“Our clear aim is that staff will be able to keep doing the same job with the same team in a public hospital that respects the care you provide every day to patients and to each other.
“We see you, we value you, we want you to continue doing your important work, your job in your team in your hospital.”
Ms Rachel-Stephen-Smith said the short transition period aimed to minimise disruption for staff and patients.
She said one of the reasons the government preferred the Bruce campus for the new hospital was the connection it would have with the already-established private services on the site.
But having any private provider delivering the ACT’s second largest hospital would mean maintaining a fragmented system at a time when the pressure on public hospitals was greater than ever and was only forecast to grow.
“Placing the pressure on Canberra Hospital to continue to manage the vast majority of increased demand through extremely fast-paced responses is a level of inefficiency that the ACT can no longer afford,” Ms Stephen-Smith said.
She said operating a single network would not fix all of the problems with the ACT health service, but it would help.
“There are a range of areas where despite the best will from all sides, we still don’t have Territory-wide waiting lists,” she said.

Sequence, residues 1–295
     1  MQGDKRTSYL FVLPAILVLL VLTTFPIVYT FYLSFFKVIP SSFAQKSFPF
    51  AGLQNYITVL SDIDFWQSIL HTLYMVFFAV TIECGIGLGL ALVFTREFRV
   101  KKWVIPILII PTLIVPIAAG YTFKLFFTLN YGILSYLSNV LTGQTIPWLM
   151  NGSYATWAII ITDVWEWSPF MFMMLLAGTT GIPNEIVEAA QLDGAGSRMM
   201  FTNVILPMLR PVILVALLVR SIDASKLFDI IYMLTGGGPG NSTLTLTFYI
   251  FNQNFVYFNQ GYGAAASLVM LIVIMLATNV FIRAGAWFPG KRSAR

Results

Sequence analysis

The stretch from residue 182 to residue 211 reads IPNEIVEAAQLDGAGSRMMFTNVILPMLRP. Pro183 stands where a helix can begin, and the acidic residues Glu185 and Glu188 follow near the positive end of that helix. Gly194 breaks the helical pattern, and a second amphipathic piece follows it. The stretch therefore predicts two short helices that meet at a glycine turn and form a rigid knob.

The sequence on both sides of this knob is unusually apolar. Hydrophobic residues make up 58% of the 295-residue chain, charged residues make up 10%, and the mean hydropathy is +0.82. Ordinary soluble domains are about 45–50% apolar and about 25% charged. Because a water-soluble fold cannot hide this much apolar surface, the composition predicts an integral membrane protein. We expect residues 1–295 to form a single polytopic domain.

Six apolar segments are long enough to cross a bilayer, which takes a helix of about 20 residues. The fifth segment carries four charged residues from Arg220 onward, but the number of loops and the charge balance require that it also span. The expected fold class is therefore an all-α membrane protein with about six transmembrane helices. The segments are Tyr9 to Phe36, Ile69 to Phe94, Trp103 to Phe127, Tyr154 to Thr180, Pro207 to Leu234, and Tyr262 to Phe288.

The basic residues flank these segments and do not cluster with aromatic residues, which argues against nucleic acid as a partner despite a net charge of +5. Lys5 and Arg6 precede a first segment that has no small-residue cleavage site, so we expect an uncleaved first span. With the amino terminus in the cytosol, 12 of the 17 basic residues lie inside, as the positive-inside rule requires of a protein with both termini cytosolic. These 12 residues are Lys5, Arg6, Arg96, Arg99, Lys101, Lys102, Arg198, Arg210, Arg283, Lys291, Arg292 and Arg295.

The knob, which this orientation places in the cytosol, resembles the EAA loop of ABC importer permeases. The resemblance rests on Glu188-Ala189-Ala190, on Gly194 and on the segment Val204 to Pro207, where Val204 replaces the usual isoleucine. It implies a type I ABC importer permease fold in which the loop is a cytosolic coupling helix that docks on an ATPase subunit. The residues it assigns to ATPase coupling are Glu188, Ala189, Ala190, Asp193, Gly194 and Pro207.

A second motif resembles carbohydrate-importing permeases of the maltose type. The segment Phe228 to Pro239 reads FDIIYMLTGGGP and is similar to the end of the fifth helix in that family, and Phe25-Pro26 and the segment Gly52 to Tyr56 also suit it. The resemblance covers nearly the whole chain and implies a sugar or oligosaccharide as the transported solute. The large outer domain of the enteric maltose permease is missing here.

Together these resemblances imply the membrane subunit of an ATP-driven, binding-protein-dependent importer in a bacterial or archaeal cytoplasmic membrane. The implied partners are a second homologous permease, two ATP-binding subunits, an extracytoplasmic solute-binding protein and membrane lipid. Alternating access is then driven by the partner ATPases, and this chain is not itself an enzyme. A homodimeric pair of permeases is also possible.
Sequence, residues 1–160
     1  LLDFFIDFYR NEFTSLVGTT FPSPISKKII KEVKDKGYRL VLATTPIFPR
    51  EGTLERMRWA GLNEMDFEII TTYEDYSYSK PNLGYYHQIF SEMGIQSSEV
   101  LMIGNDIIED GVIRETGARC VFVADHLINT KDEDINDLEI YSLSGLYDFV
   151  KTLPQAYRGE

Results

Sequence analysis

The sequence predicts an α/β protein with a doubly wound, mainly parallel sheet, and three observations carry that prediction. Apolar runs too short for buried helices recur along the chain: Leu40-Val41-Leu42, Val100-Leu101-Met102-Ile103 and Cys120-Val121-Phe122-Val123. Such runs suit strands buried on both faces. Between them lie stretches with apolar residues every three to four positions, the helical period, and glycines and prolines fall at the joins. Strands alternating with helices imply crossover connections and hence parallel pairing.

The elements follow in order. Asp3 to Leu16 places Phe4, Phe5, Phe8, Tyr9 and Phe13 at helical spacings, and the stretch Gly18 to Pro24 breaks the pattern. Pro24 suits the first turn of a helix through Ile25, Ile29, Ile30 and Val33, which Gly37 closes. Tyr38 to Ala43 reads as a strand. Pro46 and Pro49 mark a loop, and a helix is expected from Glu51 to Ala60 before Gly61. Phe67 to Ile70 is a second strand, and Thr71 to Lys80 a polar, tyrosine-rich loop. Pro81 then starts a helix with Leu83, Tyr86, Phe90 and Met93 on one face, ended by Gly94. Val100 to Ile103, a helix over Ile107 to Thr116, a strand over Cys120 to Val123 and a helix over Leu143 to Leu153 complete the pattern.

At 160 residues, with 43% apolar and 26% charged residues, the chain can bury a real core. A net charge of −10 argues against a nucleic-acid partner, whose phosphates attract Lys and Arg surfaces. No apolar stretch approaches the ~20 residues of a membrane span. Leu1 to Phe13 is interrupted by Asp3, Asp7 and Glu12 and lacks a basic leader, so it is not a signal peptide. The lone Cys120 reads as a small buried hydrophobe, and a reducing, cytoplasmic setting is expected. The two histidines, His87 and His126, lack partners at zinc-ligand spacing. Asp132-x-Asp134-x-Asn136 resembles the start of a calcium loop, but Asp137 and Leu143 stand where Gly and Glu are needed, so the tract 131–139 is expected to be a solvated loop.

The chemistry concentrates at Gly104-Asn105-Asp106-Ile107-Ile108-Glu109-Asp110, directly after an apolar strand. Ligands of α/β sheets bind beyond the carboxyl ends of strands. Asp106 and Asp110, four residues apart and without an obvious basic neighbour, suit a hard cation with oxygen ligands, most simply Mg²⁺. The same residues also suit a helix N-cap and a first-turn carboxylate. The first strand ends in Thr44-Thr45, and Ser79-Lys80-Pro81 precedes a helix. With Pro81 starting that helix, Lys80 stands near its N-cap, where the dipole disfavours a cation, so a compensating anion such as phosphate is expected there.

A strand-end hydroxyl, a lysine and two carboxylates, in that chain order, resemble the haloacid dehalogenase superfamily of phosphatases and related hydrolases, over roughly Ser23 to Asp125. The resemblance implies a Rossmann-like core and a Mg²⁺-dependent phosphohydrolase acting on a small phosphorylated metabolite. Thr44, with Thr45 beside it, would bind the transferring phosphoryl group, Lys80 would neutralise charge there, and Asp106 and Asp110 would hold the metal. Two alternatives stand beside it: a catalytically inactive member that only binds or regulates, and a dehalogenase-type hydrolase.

“We still have unequal treatment between the northside and the southside because of our two different providers.”
This is the second time the ACT Government has moved to acquire Calvary Public after an aborted bid more than a decade ago, but Mr Barr said circumstances had now changed.
“Certainly, the city’s growth, the need for a much larger hospital on the northside are all factors that we’ve considered together, of course, with the opportunities that an integrated health system will deliver,” he said.
“We believe the benefits outweigh the risks.”
Mr Barr said the decision was not a reflection on the care that Calvary Public had provided over the last 44 years.
“Calvary Public Hospital has provided outstanding service to Canberrans over more than four decades and we acknowledge and honour that,” he said.
“This is about building a more efficient and effective public hospital network in the ACT.”
He would not speculate on what legal action Calvary might take given its contract still had more than 70 years to run.
Canberra Liberals Acting Opposition Leader Jeremy Hanson called the decision ideological and anti-faith.
“This forced acquisition of Calvary is wrong ethically, it’s wrong morally, it’s wrong legally and it’s wrong procedurally, and they’re trying to ram this through following secret backroom deals,” he said.
Mr Hanson said the decision would be a disaster for health in the ACT.
“It’s going to be bad for patients, it’s going to be bad for clinicians, it’s bad for the territory,” he said.
Mr Hanson said the government could potentially waste hundreds of millions of dollars to forcibly acquire a hospital that was already providing a great service.
He again called for a Royal Commission into health in the ACT.